Under the proposal, a board could set a record date for voting that is much closer to the date of the meeting than the record date for notice of the meeting.  In fact, the proposed amendment does not provide a restriction on how close a voting record date may be to the actual meeting date, which could create numerous logistical challenges in its practical application if enacted.  The proposal also provides that if the board of directors does not fix a separate record date for stockholders entitled to vote at a meeting, then the default record date for voting will be the same as the record date set for purposes of determining the stockholders entitled to notice of the meeting.

The proposed amendments also include revisions to Sections 211 (Meetings of stockholders), 219 (List of stockholders entitled to vote, etc.), 222 (Notice of meetings and adjourned meetings), 228 (Consent of stockholders or members in lieu of meeting), 262 (Appraisal rights) and 275 (Dissolution generally; procedure) to conform those provisions with the proposed amendment to Section 213(a).

Enhanced Protection of Indemnification and Expense Advancement Rights

The proposed amendments to Section 145(f) relating to the ability of a corporation to grant indemnification rights provide that a right to indemnification or to advancement of expenses arising under a certificate of incorporation or bylaws cannot be eliminated or impaired by an amendment to such provision after the occurrence of the act or omission that gives rise to the proceeding for which indemnification or advance of expenses is sought unless the provision in effect at the time of such act or omission provides for such retroactive elimination or impairment.  This proposed amendment is intended to reverse the holding in Schoon v. Troy Corp., 948 A.2d 1157 (Del. Ch. 2008), in which the Delaware Chancery Court found that rights to indemnification and advancement of expenses are triggered upon the commencement of the action for which the director seeks indemnification or advancement.  As a result of the Chancery Court’s decision, indemnification or advancement rights could be eliminated or impaired in some circumstances after the occurrence of the act or omission that was the subject of the underlying proceeding as long as the proceeding itself has not commenced.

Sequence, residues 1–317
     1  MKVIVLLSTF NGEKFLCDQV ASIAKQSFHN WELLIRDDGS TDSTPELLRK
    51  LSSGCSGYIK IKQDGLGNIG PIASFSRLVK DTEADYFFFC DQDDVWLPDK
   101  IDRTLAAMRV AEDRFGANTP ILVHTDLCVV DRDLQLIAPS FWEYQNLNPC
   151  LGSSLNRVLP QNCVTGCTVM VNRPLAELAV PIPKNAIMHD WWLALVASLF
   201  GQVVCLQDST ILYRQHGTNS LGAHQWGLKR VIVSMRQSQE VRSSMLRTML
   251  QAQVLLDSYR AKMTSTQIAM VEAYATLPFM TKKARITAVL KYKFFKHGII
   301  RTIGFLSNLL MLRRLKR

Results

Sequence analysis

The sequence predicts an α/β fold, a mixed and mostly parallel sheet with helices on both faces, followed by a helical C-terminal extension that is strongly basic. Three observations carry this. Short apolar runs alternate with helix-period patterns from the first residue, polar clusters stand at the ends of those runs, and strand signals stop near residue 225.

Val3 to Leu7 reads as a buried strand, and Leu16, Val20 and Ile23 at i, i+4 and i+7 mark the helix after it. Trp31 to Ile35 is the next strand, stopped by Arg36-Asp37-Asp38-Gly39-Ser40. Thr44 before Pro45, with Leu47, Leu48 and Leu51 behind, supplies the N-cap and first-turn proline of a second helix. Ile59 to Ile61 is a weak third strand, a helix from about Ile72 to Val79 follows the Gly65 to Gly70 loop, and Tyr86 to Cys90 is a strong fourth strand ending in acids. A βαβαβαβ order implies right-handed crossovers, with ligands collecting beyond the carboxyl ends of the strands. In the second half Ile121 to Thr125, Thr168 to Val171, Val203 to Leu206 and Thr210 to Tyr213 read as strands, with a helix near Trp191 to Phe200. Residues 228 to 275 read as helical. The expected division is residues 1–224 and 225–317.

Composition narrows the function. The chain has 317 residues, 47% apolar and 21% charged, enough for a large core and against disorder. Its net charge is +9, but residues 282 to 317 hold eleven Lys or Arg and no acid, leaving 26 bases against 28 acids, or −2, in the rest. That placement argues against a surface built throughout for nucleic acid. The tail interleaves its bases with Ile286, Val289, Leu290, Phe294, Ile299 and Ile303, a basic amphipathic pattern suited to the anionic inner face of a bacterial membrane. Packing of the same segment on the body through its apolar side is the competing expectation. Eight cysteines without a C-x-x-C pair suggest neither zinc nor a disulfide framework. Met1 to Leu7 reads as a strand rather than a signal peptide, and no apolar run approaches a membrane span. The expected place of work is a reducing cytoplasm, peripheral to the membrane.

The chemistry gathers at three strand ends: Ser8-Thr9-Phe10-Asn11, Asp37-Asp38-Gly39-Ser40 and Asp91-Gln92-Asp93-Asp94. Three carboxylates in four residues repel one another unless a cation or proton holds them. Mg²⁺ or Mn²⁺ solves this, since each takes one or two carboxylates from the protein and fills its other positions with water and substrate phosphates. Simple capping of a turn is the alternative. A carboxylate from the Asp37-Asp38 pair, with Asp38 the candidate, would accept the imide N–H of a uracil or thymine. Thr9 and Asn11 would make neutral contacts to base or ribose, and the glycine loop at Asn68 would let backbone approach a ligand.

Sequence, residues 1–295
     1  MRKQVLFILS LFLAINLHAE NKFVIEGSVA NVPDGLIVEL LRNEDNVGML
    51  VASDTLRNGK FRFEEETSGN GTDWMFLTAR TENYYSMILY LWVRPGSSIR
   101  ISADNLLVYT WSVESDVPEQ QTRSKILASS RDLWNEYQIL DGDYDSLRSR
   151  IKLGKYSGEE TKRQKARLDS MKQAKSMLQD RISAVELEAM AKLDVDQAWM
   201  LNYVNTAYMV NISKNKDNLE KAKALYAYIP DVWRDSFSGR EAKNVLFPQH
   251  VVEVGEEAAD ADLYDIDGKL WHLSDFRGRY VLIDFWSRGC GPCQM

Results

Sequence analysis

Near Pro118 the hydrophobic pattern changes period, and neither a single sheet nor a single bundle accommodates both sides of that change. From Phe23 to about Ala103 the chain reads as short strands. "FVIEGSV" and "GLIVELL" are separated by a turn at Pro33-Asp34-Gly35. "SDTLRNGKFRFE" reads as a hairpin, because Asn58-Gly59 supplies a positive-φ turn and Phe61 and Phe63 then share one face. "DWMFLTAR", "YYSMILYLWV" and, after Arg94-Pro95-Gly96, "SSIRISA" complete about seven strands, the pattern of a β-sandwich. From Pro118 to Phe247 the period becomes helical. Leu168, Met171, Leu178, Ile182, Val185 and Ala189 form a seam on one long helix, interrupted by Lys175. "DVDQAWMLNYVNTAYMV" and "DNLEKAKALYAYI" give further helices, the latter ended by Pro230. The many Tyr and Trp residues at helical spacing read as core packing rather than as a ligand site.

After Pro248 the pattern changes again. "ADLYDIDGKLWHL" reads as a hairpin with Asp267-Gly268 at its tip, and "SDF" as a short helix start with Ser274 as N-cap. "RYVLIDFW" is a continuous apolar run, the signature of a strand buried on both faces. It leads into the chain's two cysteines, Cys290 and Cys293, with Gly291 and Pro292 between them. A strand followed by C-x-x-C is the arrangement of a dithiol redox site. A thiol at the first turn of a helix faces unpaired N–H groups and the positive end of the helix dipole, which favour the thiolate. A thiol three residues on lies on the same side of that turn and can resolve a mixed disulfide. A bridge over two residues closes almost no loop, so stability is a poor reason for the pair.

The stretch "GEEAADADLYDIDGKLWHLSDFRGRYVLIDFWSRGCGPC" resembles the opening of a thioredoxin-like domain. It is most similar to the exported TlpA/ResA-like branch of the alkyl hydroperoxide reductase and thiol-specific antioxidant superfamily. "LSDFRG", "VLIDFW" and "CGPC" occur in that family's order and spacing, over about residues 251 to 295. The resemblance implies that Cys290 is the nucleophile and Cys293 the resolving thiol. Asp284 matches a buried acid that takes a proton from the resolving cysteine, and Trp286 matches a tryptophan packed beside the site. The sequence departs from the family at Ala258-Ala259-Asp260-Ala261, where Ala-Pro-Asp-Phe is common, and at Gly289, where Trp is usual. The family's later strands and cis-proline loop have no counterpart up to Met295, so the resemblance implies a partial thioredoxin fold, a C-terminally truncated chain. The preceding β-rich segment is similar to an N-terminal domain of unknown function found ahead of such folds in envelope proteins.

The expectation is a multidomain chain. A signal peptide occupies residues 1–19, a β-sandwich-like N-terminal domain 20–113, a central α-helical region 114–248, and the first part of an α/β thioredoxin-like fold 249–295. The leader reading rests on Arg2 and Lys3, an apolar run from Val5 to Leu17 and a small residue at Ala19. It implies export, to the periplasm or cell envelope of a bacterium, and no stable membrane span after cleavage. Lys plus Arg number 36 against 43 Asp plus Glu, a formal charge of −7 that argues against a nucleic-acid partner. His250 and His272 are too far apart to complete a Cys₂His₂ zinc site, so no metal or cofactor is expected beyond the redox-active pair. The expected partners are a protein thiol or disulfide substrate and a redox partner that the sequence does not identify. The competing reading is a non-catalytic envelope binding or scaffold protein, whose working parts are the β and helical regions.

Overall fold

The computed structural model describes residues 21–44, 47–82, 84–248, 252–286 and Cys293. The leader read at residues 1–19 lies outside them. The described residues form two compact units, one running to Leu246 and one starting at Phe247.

Judicial Removal of Directors under Extraordinary Circumstances

The proposed amendments include a new subsection (c) to Section 225 which provides that a corporation (or its stockholders through a derivative action) may petition the Court of Chancery to remove a director from office to the extent he or she has been convicted of a felony in connection with his or her duties to the corporation or if there has been a prior court judgment that such director has committed a breach of the duty of loyalty in connection with such director’s duties to the corporation.  If the Court of Chancery determines that the director did not act in good faith in performing the acts that resulted in the prior conviction or judgment and that judicial removal is necessary to avoid irreparable harm to the corporation, then the Court of Chancery may take action to remove such director from office.

Gibson, Dunn & Crutcher LLP

Gibson, Dunn & Crutcher’s lawyers are  available to assist in addressing any questions you may have regarding these issues. Please contact the Gibson Dunn attorney with whom you work, or any of the following:

John F. Olson – Washington, D.C. (202-955-8522, [email protected])
Dennis J. Friedman – New York (212-351-3900, [email protected])
Jonathan K. Layne – Los Angeles (310-552-8641, [email protected])
Amy L. Goodman – Washington, D.C.  (202-955-8653, [email protected])
Gillian McPhee – Washington, D.C. (202-955-8230, [email protected])
Scott J. Calfas – Los Angeles (213-229-7362, [email protected])
Candice S. Choh – Los Angeles (213-229-7793, [email protected])